Only 34 out of 133 countries participating in the recent survey of countries in the six WHO regions have a comprehensive national plan to fight resistance to antibiotics and other antimicrobial medicines.

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3 Boys Saved by Customized Airway Tube Made on 3-D Printer

April 30, 2015 9:04 am | by Lauren Neergaard, Associated Press Medical Writer | News | Comments

In a striking example of how 3-D printers could customize medical care, doctors turned powdered plastic into tiny devices that saved the lives of three baby boys by holding open defective airways so they could breathe - and the implants even expanded as the tots grew.

Cardiorespiratory Fitness Contributes to Successful Brain Aging

April 29, 2015 10:08 am | by Boston University | News | Comments

Cardiorespiratory fitness may positively impact the structure of white matter in the brains of older adults. These results suggest that exercise could be prescribed to lessen age-related declines in brain structure.

Rare Dune Plants Thrive on Disturbance

April 29, 2015 9:53 am | by Washington University in St. Louis | News | Comments

Stabilizing dunes suppresses native species and makes the dunes themselves more prone to erosion.

Sleep Apnea? There May Be an App for That

April 29, 2015 8:52 am | by Seth Augenstein, Digital Reporter | Articles | Comments

Millions of Americans are short of breath while they sleep. Approximately one in 13 in the U.S. have sleep apnea. But to diagnose the disease involves an overnight hospital stay and a sleep study that costs thousands of dollars. A group of researchers at the University of Washington now say they have an app for that – a cheap alternative on a smartphone that could be available widely in a year or two to diagnose the disorder.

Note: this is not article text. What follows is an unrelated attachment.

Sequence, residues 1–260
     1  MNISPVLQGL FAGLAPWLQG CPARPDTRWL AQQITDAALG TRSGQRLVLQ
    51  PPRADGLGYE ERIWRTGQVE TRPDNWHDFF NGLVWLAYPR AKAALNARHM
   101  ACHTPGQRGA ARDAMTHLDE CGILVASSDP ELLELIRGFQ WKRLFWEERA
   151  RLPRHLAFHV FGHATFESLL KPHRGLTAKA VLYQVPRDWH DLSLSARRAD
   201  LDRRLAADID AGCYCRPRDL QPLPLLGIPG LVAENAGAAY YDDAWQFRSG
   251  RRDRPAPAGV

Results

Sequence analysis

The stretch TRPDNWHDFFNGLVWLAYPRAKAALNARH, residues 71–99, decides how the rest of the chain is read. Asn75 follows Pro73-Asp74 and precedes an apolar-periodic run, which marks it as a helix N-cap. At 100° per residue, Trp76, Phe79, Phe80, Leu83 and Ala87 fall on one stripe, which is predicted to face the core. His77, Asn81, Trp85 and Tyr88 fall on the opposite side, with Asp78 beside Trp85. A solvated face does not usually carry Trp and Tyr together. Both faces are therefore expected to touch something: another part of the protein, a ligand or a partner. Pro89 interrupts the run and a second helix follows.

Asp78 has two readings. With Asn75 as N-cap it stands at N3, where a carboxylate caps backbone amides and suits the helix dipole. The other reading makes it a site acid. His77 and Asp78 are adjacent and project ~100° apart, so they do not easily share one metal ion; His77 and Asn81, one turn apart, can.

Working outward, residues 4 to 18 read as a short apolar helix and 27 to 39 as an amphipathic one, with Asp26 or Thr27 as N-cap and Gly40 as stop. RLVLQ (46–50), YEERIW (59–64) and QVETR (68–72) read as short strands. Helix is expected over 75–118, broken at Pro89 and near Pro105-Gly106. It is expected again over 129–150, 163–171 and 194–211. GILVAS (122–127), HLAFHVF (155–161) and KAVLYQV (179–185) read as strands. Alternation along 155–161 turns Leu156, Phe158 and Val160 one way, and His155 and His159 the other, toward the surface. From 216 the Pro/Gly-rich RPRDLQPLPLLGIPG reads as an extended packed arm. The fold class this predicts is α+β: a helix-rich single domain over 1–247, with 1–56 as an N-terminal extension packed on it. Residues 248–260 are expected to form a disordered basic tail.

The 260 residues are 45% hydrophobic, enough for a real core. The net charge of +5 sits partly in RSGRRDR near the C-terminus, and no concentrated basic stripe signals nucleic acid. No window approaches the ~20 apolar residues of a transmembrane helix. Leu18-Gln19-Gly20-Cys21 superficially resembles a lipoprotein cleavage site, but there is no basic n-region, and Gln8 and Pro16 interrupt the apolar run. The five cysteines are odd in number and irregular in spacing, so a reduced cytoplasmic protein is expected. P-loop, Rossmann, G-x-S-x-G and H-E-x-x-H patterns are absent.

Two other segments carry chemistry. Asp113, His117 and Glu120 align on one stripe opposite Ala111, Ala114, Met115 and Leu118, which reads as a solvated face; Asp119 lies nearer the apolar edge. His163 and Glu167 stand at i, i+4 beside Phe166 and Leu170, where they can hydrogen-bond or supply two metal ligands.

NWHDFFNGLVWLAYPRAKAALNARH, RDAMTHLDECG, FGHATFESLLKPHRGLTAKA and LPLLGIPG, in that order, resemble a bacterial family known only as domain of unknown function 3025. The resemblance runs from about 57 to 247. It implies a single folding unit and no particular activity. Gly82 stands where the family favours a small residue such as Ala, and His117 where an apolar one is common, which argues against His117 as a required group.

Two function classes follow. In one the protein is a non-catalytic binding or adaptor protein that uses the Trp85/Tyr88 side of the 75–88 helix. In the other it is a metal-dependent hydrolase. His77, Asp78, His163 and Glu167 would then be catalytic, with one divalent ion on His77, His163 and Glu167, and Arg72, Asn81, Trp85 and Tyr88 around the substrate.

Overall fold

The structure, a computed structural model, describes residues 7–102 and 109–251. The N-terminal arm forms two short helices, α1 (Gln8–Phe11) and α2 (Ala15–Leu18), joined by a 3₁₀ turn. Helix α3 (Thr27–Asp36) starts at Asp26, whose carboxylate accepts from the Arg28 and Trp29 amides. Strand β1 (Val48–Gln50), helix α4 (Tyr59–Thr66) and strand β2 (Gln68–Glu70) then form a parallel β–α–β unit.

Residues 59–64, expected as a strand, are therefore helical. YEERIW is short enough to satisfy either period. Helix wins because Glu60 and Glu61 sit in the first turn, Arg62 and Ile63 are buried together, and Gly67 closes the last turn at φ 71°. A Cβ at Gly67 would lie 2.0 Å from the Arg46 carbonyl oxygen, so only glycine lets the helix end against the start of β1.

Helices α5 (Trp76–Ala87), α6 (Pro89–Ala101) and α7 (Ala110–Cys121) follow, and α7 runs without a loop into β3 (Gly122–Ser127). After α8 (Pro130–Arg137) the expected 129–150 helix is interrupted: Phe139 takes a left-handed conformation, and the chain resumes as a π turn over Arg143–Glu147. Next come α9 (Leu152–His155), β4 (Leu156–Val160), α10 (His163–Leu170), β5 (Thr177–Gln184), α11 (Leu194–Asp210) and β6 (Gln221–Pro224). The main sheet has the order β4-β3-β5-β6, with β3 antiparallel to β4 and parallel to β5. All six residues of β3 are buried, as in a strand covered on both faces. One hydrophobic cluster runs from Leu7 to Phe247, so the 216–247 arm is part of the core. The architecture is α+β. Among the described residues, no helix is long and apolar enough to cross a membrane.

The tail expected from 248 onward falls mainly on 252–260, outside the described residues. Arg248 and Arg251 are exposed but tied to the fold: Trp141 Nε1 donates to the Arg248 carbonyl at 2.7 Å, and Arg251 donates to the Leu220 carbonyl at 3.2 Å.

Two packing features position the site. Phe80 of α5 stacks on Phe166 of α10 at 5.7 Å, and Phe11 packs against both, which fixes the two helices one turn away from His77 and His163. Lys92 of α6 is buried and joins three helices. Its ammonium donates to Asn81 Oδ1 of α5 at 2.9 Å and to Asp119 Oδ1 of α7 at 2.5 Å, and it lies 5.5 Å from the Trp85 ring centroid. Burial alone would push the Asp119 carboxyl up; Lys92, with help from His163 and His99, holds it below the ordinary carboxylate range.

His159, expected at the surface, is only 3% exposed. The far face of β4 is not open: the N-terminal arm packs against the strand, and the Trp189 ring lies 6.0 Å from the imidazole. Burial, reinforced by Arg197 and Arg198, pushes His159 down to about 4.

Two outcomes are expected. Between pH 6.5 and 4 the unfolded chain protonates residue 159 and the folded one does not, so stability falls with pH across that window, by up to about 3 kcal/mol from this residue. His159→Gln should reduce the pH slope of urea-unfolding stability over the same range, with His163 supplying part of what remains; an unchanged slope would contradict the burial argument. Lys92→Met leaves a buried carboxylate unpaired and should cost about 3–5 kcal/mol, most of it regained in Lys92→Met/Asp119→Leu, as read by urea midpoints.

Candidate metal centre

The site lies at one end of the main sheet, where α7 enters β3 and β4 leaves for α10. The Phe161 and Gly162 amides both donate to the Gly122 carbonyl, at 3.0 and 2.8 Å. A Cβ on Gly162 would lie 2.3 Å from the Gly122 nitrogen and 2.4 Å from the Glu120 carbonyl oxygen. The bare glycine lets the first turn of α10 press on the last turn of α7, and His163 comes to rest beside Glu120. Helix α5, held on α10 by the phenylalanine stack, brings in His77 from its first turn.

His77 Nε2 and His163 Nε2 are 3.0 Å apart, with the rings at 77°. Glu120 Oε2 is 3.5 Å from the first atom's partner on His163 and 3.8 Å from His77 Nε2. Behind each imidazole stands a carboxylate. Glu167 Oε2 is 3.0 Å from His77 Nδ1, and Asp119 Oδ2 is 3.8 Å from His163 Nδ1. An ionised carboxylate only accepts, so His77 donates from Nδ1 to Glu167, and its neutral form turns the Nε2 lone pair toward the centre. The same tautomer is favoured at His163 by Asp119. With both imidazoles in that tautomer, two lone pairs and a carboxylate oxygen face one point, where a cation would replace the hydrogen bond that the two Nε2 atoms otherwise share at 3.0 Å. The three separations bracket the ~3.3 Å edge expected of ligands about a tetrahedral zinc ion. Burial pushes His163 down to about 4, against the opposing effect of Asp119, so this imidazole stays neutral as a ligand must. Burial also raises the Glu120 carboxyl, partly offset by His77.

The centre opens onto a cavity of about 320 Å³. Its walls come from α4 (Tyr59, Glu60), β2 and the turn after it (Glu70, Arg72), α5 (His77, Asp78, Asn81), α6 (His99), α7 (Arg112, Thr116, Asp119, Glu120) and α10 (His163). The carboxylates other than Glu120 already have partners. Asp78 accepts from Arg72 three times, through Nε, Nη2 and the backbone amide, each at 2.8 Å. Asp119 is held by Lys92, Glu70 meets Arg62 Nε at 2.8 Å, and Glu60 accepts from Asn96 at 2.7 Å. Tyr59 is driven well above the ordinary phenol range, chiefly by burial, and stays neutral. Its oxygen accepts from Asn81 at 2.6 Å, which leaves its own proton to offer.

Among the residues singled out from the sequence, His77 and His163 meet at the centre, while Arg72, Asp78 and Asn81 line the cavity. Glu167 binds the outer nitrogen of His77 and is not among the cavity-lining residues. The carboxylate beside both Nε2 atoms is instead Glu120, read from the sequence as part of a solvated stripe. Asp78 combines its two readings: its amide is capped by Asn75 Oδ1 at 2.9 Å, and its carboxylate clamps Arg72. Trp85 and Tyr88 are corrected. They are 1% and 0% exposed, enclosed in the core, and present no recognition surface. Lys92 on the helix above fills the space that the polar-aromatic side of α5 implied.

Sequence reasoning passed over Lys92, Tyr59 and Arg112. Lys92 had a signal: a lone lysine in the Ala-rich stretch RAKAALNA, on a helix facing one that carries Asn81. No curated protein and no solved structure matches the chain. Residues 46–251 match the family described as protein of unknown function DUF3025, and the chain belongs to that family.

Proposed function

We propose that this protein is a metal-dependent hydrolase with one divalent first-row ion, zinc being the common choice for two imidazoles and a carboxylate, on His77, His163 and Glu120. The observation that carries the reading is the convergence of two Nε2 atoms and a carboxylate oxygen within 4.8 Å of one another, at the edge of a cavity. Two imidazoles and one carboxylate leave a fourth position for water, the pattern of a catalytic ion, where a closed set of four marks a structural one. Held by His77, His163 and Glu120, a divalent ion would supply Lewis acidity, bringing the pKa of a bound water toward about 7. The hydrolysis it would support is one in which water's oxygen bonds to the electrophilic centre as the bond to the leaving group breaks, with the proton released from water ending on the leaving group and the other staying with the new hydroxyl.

Genetic Testing Moves into World of Employee Health

April 28, 2015 4:32 pm | by Tom Murphy, Associated Press Business Writer | News | Comments

Your employer may one day help determine if your genes are why your jeans have become too snug.

Genocea's GEN-003 in Prime Position to Lead GH Vaccine Space

April 28, 2015 1:08 pm | by Daian Cheng, Ph.D., GlobalData Infectious Disease Analyst | Articles | Comments

An analysis of Genocea Biosciences’ investigational genital herpes (GH) vaccine, GEN-003. 

Microneedle Patch for Measles Vaccination Could be Global Game Changer

April 28, 2015 10:08 am | by Georgia Institute of Technology | News | Comments

A new microneedle patch being developed by the Georgia Institute of Technology and the Centers for Disease Control and Prevention (CDC) could make it easier to vaccinate people against measles and other vaccine-preventable diseases.

Study Blames Global Warming for 75 Percent of Very Hot Days

April 28, 2015 9:53 am | by Seth Borenstein, Associated Press Science Writer | News | Comments

If you find yourself sweating out a day that is monstrously hot, chances are you can blame humanity. A new report links three out of four such days to man's effects on climate.

Researchers ID Brain Mechanisms Underlying Alertness and Attentiveness

April 28, 2015 9:18 am | by MIT | News | Comments

First demonstration that a common neurotransmitter acts via a single neuron type to enable effective information-processing.

Ebola Scare May Inform U.S.'s Response to Bioterrorism

April 28, 2015 8:48 am | by Seth Augenstein, Digital Reporter | Articles | Comments

Last year’s Ebola scare might provide a blueprint for a response to the unthinkable: a bioterrorist attack in the U.S., some experts are saying. A House of Representatives subcommittee last week discussed what the domestic response – and over-response – may teach emergency responders in a “low probability” but “high-consequence” event.

Late Spring Complicates Already Perilous Amphibian Migration

April 27, 2015 10:38 am | by Holly Ramer, Associated Press | News | Comments

Northern New England's annual amphibian migration is always perilous, but critters that cross roads to breed are facing an additional challenge this year: a delayed start after the long winter.

Diabetes Drug Found in Freshwater, Potential Cause of Intersex Fish

April 27, 2015 10:29 am | by University of Wisconsin - Milwaukee | News | Comments

A medication commonly taken for Type II diabetes, which is being found in freshwater systems worldwide, has been shown to cause intersex in fish -male fish that produce eggs.